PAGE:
Anyone who was on MySpace around the year 2005 was probably introduced to Job For A Cowboy at one point and time. I’ll never forget just how quickly their hype spread over the Internet, and how short of a time it was before they were signed with Metal Blade. Having that much hype for any band gives you a fair share of lovers and haters, especially since they started out as a pretty generic deathcore band with pig squeals. But with three albums out now, it’s time to see if they’re still living up to hype.
Anyone who hasn’t followed Job For A Cowboy since their MySpace days probably won’t be able to recognize them anymore. By now, they’ve successfully shed away their deathcore origins and have gone for a mostly-death metal sound. It’s not wholly death metal, but also with a bit of tech involved. When they came out with Genesis in 2007, they’ve been gradually evolving and developing into this sound, and it comes into its prime on Demonocracy. It’s a pretty brutal punch in the throat as soon as you start playing the first song. Jon “The Charn” Rice’s drumming perfectly matches and compliments the swift guitar playing of Al Glassman (formerly of Despised Icon) and Tony Sannicandro. Oh, and we can’t overlook the recent addition of Nick Schendzielos from Cephalic Carnage; that’s certainly not going to hurt them in the future at all. The guitar work is impressive to begin with, but having The Charn following it right on cue just makes the experience that much more intense. In fact, “Fearmonger” even has a small solo section for The Charn. It’s not the longest drum solo ever heard, but it’s not like every death metal album has a drum solo section. We can’t forget Johnny Davy either, who is quickly becoming one of my favorite metal vocalists. His growls seem to just get grittier and his shrieks more venomous with every release. You can really feel each of the energies band members bring to the overall picture, and feel how they fuse together to create great metal. But sometimes, it can be a little too much and can sometimes venture into the monotonous, but songs like “Black Discharge” and “Tarnished Gluttony” help to break it up just a little bit.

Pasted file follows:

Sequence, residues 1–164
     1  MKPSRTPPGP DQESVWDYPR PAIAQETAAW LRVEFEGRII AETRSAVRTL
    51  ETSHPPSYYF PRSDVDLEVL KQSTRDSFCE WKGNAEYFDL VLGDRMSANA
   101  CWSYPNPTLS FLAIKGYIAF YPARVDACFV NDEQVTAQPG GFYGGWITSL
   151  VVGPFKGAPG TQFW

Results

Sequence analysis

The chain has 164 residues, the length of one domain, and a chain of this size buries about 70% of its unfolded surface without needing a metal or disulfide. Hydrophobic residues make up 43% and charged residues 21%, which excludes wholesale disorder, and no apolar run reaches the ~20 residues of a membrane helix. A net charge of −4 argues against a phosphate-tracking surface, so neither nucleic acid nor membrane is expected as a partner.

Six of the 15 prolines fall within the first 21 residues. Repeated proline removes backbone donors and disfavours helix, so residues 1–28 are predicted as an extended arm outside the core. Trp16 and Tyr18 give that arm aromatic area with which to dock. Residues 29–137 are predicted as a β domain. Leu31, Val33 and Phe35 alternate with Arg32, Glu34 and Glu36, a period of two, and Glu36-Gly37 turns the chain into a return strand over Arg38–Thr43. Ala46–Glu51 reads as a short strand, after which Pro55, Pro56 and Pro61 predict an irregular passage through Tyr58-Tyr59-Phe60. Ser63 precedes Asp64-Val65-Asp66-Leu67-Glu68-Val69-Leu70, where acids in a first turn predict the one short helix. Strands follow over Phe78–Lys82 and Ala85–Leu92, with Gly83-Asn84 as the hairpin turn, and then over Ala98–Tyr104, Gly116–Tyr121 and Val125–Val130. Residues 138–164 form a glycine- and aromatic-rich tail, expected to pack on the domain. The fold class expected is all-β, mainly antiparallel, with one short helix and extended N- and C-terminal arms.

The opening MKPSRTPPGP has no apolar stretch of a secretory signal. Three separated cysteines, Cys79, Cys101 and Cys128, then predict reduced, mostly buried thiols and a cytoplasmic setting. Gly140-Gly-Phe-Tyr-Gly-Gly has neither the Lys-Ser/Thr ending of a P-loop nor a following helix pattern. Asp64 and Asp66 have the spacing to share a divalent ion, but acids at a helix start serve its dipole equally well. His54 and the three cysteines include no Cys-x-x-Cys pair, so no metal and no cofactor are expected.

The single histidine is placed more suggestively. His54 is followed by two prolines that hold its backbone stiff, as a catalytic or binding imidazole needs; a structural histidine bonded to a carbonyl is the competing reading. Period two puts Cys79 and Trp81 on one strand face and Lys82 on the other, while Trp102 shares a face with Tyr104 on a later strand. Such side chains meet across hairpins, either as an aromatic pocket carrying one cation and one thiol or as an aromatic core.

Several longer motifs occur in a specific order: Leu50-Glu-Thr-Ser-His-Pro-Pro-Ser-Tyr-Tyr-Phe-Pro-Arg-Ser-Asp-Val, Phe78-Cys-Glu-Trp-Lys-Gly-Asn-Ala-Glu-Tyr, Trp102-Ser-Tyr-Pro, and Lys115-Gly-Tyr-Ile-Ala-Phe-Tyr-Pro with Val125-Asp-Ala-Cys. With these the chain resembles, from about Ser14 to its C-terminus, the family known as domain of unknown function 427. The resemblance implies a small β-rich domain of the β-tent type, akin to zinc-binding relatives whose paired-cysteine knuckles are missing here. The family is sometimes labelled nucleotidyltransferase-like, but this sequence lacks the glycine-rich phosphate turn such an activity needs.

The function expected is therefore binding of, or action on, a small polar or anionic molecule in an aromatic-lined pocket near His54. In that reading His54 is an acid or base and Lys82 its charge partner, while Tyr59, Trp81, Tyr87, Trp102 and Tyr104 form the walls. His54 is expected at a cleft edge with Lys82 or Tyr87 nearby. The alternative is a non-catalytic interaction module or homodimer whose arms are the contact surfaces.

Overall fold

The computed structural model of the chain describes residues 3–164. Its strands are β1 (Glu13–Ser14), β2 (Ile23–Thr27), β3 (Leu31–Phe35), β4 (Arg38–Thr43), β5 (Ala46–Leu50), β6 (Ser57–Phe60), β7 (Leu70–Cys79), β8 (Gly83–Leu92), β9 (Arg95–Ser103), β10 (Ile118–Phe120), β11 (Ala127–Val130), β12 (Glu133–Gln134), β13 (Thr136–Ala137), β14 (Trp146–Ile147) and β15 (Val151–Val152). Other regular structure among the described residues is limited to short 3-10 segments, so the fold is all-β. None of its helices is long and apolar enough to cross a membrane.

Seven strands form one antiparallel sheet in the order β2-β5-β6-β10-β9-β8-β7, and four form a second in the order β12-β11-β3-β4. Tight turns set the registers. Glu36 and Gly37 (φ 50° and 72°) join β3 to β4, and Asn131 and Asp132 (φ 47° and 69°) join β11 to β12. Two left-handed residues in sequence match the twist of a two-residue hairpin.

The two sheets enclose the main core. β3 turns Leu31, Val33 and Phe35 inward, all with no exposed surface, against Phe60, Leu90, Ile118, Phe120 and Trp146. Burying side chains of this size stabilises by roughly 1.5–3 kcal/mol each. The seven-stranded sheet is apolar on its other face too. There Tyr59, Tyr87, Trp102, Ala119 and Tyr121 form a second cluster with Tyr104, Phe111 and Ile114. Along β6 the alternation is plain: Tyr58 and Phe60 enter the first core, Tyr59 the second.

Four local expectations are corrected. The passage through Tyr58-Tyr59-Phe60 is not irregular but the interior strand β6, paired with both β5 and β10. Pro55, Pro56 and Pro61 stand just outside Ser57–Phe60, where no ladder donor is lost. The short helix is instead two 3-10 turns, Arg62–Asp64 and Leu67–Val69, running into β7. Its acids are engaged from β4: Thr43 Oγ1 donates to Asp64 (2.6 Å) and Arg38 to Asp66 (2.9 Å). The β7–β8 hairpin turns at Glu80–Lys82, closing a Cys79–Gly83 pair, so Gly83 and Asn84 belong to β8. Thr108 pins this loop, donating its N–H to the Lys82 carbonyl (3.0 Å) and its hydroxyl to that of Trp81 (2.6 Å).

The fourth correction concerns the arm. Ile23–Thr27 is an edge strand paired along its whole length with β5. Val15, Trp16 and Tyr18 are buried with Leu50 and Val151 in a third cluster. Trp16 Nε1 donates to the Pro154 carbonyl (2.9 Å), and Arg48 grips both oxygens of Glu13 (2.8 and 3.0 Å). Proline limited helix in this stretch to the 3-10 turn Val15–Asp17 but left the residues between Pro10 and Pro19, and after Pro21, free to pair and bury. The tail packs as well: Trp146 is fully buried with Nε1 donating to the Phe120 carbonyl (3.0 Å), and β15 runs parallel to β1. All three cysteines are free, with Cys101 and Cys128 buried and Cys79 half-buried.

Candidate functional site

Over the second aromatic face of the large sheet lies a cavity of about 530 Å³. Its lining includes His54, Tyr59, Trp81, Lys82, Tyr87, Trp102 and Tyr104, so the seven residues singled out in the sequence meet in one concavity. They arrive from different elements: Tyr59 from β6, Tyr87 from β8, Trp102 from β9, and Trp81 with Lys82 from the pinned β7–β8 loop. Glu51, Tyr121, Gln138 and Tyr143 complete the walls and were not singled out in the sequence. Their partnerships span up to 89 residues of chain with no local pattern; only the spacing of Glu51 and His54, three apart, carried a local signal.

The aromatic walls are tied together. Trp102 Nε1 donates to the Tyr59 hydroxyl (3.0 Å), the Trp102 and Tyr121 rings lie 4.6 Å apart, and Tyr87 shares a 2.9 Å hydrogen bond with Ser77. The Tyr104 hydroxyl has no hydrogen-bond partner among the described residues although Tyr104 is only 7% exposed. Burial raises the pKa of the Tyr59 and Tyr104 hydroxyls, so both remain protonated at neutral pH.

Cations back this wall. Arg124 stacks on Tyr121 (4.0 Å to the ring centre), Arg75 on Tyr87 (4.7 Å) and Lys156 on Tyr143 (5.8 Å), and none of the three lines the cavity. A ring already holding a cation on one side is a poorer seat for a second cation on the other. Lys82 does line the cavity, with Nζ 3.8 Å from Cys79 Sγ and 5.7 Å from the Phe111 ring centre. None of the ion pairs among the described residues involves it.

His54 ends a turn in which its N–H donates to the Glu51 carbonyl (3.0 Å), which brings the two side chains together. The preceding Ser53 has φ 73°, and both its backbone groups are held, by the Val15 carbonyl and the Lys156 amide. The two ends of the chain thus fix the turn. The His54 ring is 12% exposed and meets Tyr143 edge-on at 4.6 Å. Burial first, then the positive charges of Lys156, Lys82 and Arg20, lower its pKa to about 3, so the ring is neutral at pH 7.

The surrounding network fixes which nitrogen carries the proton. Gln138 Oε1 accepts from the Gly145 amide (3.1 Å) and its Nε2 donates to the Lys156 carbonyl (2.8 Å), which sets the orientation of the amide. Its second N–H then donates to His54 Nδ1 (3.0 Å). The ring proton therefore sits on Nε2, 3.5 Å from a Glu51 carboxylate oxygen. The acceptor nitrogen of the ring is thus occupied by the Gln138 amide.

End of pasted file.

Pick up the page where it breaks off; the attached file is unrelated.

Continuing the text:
Overall, Demonocracy was a great album. I’d say that deathcore is way in their past now, and that this is the Job For A Cowboy we’re going to be listening to for a while. They probably now have their fanbase in original deathcore crowd and with death metal fans alike with the way they’ve progressed, which can only mean good things in their future. And if this is truly the sound they’re going to stick with from here on out, then I can’t wait for the coming future.
Favorite Songs: “Children Of Deceit”, “Nourishment Through Bloodshed”, “Fearmonger”.